The Bruins are getting an up-close look at their future this week with the club's inaugural Development Camp.

The Bruins are getting an up-close look at their future this week with the club's inaugural Development Camp.


They might also be getting a peek at the present.


Center David Krejci is one of a handful of the prospects skating this week at Ristuccia Arena who already has pro experience. He even made it up to Boston for six games with the big club in 2006-07. This year, he's hoping to stay in Boston a lot longer.


"It's my dream," said Krejci of playing in the NHL. "I'll do everything I can to make the team this year. But if not, it's hockey. I'll play hard again and try to make it later."


Krejci's waiting days might soon be over. A second-round pick in 2004 (63rd overall), he moved from the Czech Republic to Canada to play his Junior hockey for Gatineau in the Quebec Major Junior Hockey League, then moved up to the American Hockey League last year.


His first exposure to pro hockey earned rave reviews, as he led Providence in scoring with 74 points in 69 games, then added a team-high 16 points in 13 postseason games.


"During the course of the season in Providence, I watched him emerge," said Bruins director of player development Don Sweeney, who is running this week's camp. "I saw him rounding out his game, filling in the gaps. Then in the playoffs he took it to another level. Particularly Hartford tried to run him pretty hard, and it didn't even faze him. He didn't change his game one bit. You like to see that, especially in your skill players."


Krejci collected nine points in the opening-round series with Hartford, leading the Baby B's to victory in seven games. Manchester eliminated Providence in the next round despite another seven points from Krejci. This week, Krejci returned to the ice with his fellow prospects.


"He told me he hadn't skated since Manchester," said Sweeney. "But he's in good shape and you can only imagine what he'll look like in six weeks or so."


In six weeks, the Bruins will open their regular training camp, and the competition for jobs will begin in earnest. The only addition Boston made in free agency was the signing of enforcer Shawn Thornton for the fourth line, so the opportunity is there for a playmaker like Krejci to crack the lineup.


Just don't expect the soft-spoken 21-year-old to say much about his chances.


"It's not for me to say," said Krejci. "I feel very confident. I had a good year last year, but I have a lot of work to do. I've got to get stronger and faster, and hopefully I will this year."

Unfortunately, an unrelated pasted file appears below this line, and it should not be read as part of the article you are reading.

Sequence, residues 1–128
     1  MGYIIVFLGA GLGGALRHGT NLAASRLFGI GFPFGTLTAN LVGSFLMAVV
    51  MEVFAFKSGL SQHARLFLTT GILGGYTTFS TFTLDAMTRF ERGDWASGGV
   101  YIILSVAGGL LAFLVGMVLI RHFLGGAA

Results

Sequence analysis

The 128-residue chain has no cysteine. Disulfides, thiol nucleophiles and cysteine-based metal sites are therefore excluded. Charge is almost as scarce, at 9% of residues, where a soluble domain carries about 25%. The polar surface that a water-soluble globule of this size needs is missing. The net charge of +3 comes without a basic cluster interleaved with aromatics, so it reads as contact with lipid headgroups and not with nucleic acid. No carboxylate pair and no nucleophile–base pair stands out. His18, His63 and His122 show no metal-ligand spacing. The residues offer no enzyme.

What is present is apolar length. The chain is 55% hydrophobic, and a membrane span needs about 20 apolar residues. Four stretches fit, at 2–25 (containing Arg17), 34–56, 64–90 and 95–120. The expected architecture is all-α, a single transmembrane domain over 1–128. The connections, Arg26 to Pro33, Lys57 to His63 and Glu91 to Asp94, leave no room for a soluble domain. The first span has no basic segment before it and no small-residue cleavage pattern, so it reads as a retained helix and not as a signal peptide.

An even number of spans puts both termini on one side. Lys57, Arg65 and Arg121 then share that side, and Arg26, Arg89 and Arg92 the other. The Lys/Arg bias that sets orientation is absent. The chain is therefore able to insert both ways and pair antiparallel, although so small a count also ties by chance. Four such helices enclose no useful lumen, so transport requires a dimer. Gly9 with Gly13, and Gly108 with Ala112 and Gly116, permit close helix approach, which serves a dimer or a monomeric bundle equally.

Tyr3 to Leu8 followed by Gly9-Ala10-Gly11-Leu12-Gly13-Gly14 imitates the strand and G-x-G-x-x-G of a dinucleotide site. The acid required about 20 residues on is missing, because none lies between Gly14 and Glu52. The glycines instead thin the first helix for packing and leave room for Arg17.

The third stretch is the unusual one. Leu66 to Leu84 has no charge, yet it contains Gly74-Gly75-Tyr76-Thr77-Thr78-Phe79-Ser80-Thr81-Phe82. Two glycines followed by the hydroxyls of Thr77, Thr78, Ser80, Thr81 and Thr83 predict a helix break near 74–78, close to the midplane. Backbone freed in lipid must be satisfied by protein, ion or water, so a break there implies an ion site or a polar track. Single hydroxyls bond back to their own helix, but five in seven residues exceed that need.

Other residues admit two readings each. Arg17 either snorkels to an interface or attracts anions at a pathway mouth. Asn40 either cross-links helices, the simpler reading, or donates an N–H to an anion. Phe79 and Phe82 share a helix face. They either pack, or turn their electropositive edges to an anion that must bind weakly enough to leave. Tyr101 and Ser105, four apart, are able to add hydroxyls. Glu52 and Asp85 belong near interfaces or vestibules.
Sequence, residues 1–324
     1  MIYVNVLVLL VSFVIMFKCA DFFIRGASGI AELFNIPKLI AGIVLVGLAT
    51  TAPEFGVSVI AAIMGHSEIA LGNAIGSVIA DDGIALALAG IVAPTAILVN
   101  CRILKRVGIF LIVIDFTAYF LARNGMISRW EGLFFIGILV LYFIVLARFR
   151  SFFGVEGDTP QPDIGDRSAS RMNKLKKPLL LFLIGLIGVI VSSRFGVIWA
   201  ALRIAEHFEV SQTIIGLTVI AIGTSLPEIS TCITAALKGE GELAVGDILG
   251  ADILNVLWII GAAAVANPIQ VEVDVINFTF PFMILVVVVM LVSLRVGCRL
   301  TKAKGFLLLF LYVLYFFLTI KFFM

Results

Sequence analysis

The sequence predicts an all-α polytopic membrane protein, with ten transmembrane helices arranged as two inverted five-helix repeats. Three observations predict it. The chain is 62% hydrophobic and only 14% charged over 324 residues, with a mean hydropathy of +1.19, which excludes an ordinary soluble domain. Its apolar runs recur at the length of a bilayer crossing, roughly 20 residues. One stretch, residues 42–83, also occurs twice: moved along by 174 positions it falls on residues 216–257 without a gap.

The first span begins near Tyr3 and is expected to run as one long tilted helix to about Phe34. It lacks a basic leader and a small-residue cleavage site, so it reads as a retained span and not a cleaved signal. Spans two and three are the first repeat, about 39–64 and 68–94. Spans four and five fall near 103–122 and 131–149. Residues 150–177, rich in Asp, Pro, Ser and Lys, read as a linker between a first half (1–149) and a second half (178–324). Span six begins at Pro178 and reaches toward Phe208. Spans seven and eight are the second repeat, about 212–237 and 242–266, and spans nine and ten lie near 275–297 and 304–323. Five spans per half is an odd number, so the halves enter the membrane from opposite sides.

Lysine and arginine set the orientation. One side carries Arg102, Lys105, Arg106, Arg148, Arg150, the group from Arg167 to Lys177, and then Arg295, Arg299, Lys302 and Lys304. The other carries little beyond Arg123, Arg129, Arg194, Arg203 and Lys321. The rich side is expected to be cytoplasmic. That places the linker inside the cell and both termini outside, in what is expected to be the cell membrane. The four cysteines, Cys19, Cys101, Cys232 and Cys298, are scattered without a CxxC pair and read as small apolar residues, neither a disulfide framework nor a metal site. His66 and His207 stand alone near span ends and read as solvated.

Sweeney expects Krecji's progress to continue. "As the year went on down in Providence, his confidence grew," said Sweeney. "He understands he still has a ways to go, but he has a willingness to work to get there."


Krejci has been showing his maturity as well as his skills this year, taking his "veteran" status at the camp to heart.


"He's taken a little bit of a leadership role here," said Sweeney. "I asked him to do that. There's a couple kids coming over from the Czech Republic who don't speak English very well, and he's gone out of his way to make them feel comfortable, both on and off the ice."


On the ice, it's easy to get comfortable playing alongside Krejci, whose touch and vision give him the tools to become an elite set-up man.


"It's so easy to play with him," said fellow prospect Martins Karsums, who was with Krejci in Providence last year. "He's unbelievable. He's just a great player. He sees the ice great, shoots the puck well. I don't think there's anything negative I can say about him."


Even Krejci admitted some surprise at his success last year. He topped the 30-goal plateau with a team-high 31, a number he never reached in Junior.


"I wasn't a shooter, I'm more of a passer," said Krejci. "I was still a passer last year, but I scored a lot more goals than I expected, than everybody expected."


That finishing ability could open up more opportunities for Krejci. With Marc Savard, Patrice Bergeron and Phil Kessel manning the top three center positions in Boston for the foreseeable future, a move to wing could be Krejci's quickest path to the NHL.


"I was playing wing since I was little," said Krejci. "But since midget I've been at center, so it's been about six years. I feel more comfortable in the middle. That's my game, I like to be with the puck, making plays."


Wherever he lines up, you can count on Krejci making plays. Very soon he might be making those plays in the NHL.